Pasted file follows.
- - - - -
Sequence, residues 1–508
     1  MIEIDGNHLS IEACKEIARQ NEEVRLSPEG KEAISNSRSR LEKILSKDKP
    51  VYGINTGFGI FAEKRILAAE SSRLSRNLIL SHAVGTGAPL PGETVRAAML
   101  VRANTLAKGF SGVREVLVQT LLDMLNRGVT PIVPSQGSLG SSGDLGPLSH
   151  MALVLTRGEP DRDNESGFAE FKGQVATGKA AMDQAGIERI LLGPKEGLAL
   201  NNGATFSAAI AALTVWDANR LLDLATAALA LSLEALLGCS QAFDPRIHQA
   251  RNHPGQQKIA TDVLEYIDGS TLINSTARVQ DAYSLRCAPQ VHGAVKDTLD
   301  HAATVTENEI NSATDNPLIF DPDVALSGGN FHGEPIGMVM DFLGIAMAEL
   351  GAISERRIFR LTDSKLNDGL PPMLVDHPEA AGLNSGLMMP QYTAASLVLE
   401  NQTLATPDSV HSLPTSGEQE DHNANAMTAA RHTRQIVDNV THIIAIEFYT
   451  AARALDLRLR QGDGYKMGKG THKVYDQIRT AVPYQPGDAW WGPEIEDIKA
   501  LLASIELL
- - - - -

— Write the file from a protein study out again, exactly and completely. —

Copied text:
Sequence, residues 1–508
     1  MIEIDGNHLS IEACKEIARQ NEEVRLSPEG KEAISNSRSR LEKILSKDKP
    51  VYGINTGFGI FAEKRILAAE SSRLSRNLIL SHAVGTGAPL PGETVRAAML
   101  VRANTLAKGF SGVREVLVQT LLDMLNRGVT PIVPSQGSLG SSGDLGPLSH
   151  MALVLTRGEP DRDNESGFAE FKGQVATGKA AMDQAGIERI LLGPKEGLAL
   201  NNGATFSAAI AALTVWDANR LLDLATAALA LSLEALLGCS QAFDPRIHQA
   251  RNHPGQQKIA TDVLEYIDGS TLINSTARVQ DAYSLRCAPQ VHGAVKDTLD
   301  HAATVTENEI NSATDNPLIF DPDVALSGGN FHGEPIGMVM DFLGIAMAEL
   351  GAISERRIFR LTDSKLNDGL PPMLVDHPEA AGLNSGLMMP QYTAASLVLE
   401  NQTLATPDSV HSLPTSGEQE DHNANAMTAA RHTRQIVDNV THIIAIEFYT
   451  AARALDLRLR QGDGYKMGKG THKVYDQIRT AVPYQPGDAW WGPEIEDIKA
   501  LLASIELL